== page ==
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What would the first human on Mars say?  The words chosen will echo through history in the same way that Neil Armstrong’s famous line has.  That’s a lot of pressure for whomever is chosen to be the first person on the planet.  They’d better pick something profound!

The BBC has been asking people to contribute on Twitter, using the hashtag #BBCMARS, and in the comments of this article.  Here are some of the best (serious and otherwise):

hum “Mars, the Bringer of War” by Gustav Holst (@oz_penguin)

It was once said ‘a small step for man’ but today we make that giant leap 4 mankind (@welsh_steve25)

once again my dear friends we take a step into the unknown (@SirPhil1983)

‘Well, for this night we will repose us here: /To-morrow toward London back again’ Shakespeare 2H6 II.i. (@Shakes_Today)

Where’s the Mars bar? (@JohnnyReaction)

‘we step beyond the capability of man kind, yet again.’ (@caitlin_ent)

“It’s land, Jim, but not as we know it.” (@eridanus)

Here are my suggestions.  Bonus points for people who recognise the source of inspiration for the first few.

“Quick!  Get the Easy Listening music!”

“Dark is the suede that mows like the harvest.”

“Yesterday, the moon.  Today, Mars.  Tomorrow, the universe!  Mwa-ha-ha-ha-haaaa!”

“Hey, what are all these dead cats doing here?”

And, more seriously,

“That’s just one more step in mankind’s journey to the stars.”

What would you like the first person on Mars to say?  What would you say if it were you?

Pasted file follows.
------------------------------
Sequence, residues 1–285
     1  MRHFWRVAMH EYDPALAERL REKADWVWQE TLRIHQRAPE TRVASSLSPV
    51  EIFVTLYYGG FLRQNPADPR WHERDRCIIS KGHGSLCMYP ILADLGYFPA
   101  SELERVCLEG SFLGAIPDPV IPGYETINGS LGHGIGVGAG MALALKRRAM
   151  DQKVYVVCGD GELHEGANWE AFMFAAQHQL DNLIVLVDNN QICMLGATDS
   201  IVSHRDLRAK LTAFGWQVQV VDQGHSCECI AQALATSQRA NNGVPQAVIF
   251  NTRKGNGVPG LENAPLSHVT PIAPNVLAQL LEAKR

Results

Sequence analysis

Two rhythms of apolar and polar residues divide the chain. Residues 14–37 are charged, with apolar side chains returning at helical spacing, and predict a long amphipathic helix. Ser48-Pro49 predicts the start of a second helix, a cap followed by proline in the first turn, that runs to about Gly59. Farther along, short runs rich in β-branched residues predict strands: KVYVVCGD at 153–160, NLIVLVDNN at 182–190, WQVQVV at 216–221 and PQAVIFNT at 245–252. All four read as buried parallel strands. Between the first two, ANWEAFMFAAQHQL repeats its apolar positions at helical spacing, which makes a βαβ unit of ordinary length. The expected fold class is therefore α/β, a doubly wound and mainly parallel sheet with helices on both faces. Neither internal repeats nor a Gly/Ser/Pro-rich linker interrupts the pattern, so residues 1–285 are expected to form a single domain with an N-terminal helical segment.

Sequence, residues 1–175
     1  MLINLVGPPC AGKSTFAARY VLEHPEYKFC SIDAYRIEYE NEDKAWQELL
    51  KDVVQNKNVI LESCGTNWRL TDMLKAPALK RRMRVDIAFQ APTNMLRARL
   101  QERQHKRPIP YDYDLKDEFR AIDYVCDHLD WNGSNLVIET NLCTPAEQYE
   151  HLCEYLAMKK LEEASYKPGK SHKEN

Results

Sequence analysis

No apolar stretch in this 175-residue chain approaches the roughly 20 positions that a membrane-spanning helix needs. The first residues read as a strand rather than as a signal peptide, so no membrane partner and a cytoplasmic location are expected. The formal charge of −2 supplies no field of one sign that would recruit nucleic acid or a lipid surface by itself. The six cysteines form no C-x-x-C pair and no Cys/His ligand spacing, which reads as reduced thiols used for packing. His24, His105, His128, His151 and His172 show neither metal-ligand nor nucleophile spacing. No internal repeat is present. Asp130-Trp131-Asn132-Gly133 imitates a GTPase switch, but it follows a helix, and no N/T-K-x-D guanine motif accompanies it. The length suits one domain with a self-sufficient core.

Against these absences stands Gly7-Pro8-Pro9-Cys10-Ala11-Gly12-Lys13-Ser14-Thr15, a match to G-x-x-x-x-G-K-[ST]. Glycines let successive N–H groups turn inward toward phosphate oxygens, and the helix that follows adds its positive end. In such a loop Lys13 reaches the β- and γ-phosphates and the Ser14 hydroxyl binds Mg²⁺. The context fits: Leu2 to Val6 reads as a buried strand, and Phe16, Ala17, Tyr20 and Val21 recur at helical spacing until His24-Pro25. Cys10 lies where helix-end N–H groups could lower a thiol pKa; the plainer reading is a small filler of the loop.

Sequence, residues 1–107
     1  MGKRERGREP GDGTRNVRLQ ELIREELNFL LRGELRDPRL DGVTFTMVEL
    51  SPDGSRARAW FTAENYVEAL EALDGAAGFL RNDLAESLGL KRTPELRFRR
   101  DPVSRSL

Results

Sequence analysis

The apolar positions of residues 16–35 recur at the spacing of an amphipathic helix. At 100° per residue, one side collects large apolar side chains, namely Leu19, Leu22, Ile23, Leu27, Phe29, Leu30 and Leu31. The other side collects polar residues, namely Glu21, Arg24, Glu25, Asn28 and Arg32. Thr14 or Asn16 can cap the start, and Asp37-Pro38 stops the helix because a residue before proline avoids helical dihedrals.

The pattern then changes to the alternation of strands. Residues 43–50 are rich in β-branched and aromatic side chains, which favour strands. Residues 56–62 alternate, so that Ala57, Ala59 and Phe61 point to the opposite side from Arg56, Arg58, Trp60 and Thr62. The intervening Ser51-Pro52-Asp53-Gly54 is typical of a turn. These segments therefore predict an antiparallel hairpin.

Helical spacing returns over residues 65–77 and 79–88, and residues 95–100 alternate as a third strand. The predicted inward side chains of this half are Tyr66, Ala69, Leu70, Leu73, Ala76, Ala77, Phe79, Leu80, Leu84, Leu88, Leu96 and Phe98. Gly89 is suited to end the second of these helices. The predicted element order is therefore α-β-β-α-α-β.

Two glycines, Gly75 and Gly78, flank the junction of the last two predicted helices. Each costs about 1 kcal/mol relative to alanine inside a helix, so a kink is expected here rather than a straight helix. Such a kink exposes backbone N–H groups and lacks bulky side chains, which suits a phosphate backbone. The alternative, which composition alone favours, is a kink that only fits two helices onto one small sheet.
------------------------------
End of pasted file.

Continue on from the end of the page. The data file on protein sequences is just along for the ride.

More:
But which world?

This is artist Kelly Richardson’s depiction of the future of Mars.  Littered with dead and dying robots, gusts of wind blow sand and dust in gentle swirls.  Nobody is coming.  It’s possible nobody has been there.  It is a sad scene.

Yet somehow soothing.

Here’s the second random idea from the archive:

Write a story where men and women are segregated so much that they are literally from different planets*.  You’ll need a believable reason why this has come to be.

* Inspired, of course, by the title of a certain book about Mars and Venus.

As I mentioned yesterday, Curiosity landed on Mars.

There’s so much fun you could have with missions to Mars, but my question today is simply this: like Dorothy landing on the wicked witch of the west, did the rover land on any poor unsuspecting Martian cats?

(Blast, now I have an idea for a modern retelling of the Wizard of Oz, with Dorothy as an AI on a spaceship.  I don’t have time for more ideas!)

 

Curiosity is the name of the Mars Rover which touched down on the surface of the red planet early on Monday morning.  I’ve known this for a while, and I suspect that most of you science-fiction fans will have known too (unless you’ve been on another planet, and even then you might have noticed if the planet in question was Mars).

What I didn’t realise until today was how cute it is.  Like a cross between WALL-E and Number Five from Short Circuit, only slighly more macho.

I also didn’t realise that the mission is no puny little 30-day thing.  No, they’re funded for two years (Earth years, that is), but the batteries could last for ten or more.  Will it still be operational when we eventually land people on Mars?

I see a story developing in which we land people on Mars, and they have some problem with their technology and need spare parts.  Curiosity has the parts they need, but it’s not responding to their attempts at remote control – the radio receiver is broken so it’s just trundling about sampling rocks and sending the data to Earth, but can’t be controlled.  The astronauts have to go on a desperate hunt through the Martian landscape to capture the rover before it’s too late!

The Author

Nicola Higgins is a 30-something martial artist who runs two Brownie packs and works full time. She somehow still finds time to write.

Her favourite genres are near-future and alternate world science fiction and fantasy.

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